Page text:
Can Government Intervention Be Effective In Correcting Market Failures Associated With Alcohol?

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Can government intervention be effective in correcting market failures associated with alcohol?

I have chosen to perform a microeconomic analysis surrounding the effect of Alcohol consumption on society. ‘Can government intervention be effective in correcting market failures associated with alcohol’ is the question set. The model I will be exploring is ‘market failure’ ‘where the market mechanism fails to allocate resources efficiently’ (Smith et al, 2006, p.56)

The Times

‘Alcohol-related treatment costs the NHS £1.7bn.’

The Telegraph

Londoners are losing an astounding 1.68 million working days as a result of alcohol-related absence.’
‘The Telegraph’ microcosmically displays how the issue prevails all around us as a society. It’s clear from numerous sources including ‘Alcohol Concern’ describing the ‘epidemic’ proportions of the problem. Mark P. Taylor describes Economics as ‘The Study of how society manages its scarce resources’ (2006, p.5). The issue is clearly rooted within individual decision making as well as analysing how society is allocating its limited resources. The 3 major issues below exemplify the 3 main causes of the market failure.
Information: Failure to provide good information (a public good) is a major cause of market failure and brings about the consequences of drinking alcohol hence reducing the efficiency of the market. Evidence suggests that advertising has strong detrimental effect on consumption, particularly for youth. (Saffer and Dave, 2003). The development of Markets promoting alcohol consumption benefits the industry groups however no such private incentives provide information that presents the negative consequences of consumption.
Self-control issues:‘1.2 million incidents of violence are alcohol-related’ (The Times, 2007) and 360,000 incidents of domestic violence (Simmons,, perpetrated show lack of control. Intervention is happening, a four-year government review into the nation's alcohol culture found a system that encourages people to consume until they collapse incurring costs such as health on society as a whole, so the goods and services provided by the market are not in our best interests costing our society its efficiency.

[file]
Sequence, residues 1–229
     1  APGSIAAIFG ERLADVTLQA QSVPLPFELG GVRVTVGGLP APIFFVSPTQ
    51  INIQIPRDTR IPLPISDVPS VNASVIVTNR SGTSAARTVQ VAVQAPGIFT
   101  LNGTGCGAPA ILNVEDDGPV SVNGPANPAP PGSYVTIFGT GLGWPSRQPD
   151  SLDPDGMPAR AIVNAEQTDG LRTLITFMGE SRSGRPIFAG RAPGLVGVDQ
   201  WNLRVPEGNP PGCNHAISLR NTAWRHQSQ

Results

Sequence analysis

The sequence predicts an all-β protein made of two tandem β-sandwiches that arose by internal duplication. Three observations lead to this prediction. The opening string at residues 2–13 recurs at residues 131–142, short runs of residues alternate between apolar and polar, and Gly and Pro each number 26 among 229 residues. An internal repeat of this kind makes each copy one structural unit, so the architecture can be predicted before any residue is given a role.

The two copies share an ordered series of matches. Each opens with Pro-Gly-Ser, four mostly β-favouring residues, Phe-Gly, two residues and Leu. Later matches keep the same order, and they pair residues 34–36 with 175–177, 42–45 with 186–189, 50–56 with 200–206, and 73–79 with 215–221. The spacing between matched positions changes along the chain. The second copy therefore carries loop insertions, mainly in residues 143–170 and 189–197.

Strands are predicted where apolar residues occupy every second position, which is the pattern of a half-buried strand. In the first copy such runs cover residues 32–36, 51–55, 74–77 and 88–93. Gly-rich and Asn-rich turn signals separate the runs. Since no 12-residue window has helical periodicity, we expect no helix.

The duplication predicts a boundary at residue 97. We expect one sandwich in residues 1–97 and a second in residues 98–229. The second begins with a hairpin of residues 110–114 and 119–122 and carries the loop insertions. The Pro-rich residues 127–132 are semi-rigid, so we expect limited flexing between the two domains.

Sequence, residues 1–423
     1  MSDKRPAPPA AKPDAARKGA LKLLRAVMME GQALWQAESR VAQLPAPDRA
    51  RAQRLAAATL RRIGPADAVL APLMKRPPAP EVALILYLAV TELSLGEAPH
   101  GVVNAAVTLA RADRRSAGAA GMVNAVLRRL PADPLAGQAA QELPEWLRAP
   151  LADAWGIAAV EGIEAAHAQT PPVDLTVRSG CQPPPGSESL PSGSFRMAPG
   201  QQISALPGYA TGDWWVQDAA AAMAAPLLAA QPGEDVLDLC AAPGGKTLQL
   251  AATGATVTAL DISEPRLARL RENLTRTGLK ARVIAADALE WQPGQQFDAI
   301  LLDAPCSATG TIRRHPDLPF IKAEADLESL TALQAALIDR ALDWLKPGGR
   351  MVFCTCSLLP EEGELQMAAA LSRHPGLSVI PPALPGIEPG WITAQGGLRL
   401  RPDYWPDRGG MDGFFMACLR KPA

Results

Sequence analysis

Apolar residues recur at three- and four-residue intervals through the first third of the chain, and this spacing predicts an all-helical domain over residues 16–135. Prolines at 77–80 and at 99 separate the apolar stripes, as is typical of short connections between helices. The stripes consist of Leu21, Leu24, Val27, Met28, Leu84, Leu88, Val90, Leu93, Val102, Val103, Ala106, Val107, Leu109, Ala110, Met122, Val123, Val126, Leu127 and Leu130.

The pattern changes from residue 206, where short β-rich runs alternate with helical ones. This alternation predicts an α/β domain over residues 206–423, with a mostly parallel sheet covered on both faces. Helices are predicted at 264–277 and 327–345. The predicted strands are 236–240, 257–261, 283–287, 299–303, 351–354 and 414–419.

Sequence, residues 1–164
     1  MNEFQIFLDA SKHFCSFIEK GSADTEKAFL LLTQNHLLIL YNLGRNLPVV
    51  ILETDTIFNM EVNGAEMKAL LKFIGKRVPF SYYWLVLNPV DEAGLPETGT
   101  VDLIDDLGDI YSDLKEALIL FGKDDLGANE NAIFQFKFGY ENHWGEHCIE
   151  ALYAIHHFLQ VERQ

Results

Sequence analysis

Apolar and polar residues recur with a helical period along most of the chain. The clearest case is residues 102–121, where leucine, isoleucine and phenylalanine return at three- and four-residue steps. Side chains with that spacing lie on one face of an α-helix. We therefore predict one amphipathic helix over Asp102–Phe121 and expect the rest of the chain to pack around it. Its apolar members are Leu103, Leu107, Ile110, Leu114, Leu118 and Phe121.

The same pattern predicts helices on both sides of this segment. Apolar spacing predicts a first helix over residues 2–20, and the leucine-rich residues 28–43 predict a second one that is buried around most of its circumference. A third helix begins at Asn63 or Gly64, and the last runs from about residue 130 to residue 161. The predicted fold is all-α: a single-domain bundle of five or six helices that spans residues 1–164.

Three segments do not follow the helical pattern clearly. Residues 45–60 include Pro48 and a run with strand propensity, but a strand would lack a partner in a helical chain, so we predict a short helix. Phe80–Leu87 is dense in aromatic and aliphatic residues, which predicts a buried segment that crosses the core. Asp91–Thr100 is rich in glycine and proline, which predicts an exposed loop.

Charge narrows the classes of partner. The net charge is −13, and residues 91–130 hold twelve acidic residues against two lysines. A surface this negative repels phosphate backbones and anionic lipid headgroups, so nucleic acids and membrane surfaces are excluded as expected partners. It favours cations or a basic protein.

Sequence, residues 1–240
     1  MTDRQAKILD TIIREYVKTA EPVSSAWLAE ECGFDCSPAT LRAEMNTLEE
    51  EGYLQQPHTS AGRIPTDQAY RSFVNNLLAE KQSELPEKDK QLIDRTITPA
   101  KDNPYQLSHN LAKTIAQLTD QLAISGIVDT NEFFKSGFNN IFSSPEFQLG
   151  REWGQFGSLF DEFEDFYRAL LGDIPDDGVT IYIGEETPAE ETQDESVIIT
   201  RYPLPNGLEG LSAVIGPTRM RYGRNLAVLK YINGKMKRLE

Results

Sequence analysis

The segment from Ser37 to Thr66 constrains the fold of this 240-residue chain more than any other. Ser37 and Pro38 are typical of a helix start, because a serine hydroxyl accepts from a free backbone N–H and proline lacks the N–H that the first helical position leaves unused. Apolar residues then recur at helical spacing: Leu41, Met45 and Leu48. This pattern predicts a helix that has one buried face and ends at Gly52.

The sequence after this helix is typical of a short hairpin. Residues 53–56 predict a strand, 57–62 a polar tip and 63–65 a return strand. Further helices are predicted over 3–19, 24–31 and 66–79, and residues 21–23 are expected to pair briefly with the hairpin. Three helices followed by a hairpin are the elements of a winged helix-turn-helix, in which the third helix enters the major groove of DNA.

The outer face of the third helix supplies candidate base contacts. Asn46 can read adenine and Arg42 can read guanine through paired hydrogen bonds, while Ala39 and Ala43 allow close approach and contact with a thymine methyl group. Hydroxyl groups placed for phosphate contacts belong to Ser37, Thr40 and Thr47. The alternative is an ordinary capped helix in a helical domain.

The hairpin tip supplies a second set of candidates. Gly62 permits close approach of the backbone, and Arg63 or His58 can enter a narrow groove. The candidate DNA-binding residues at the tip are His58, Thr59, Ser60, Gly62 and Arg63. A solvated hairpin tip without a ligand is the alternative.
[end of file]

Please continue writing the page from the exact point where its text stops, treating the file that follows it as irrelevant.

Externalities: Alcohol (a De-Merit Good and not in societies best interests) creates private costs for individuals and more general social costs, for example behaviour by those intoxicated in the broader community. Exemplifying the issue is the NHS and the medical costs incurred by alcohol consumption, which are not borne only privately by the individual. Above-average medical costs will be met partly from public funding. For this reason alone there should be a public interest in restricting use of alcohol. Decision makers do not take into account the cost imposed on society and others as a result of their decision

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"Can Government Intervention Be Effective In Correcting Market Failures Associated With Alcohol?." 23 Sep 2017
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So the data has been highlighted and the issue displayed, it is now time to utilise models and concepts to try to ultimately answer my question.
Alcohol has costs, these consist of marginal private costs (the cost that the individual incurs on themselves) when purchasing Alcohol i.e. money or time etc as well as fixed costs like transport costs to venue, also the opportunity cost of all the resources used up by those costs. The other costs include external marginal costs; these might include time off work, health costs etc. Both costs added together produce a marginal social cost, the cost to society as a whole incurred by alcohol usage:

Private Marginal Costs (PMC) + External Marginal Costs (EMC) = Social Marginal Cost (SMC)
Given the ‘market-failure’ reasons for seeking to restrict alcohol consumption what are the governmental policy options for regulating alcohol use?
Information: I propose the government should correct market failure, providing accurate information about the negative consequences of consuming alcohol and to restrict advertising that emphasizes the inaccurately optimistic positive consequences of consumption. If people were to see warning labels on bottles and messages displaying safe limits we would move vital steps towards ‘perfect knowledge’ (P. Anderson & B. Braumberg, 2006). Informing the public as to how they affect society rather than consuming to maximize ones own welfare. Improving the government’s knowledge through media watchdogs like Ofcom will create a more efficient grasp of the market.
Self-control policies: The lack of restraint requires interventionist restrains, rules limiting the number of ‘standard drinks’ one consumes per week could be utilised. The government could curtail availability by limiting alcohol outlets, restricting trading hours etc. Such policies also increase the non-price user costs of consuming alcohol. Blears said it was time for the alcohol industry to clean itself up and stop indulging in 'irresponsible promotions' such as 'drink all you can for £10' and 'happy hours' which make people less capable of making rational decisions (2006).
Externalities: As an Economist focus on negative externalities is the primary source of social costs in relation to Alcohol abuse. A standard governmental intervention is to introduce fiscal policies in a way that internalizes these external costs.
Building on article the fiscal theory is displayed in the graph below: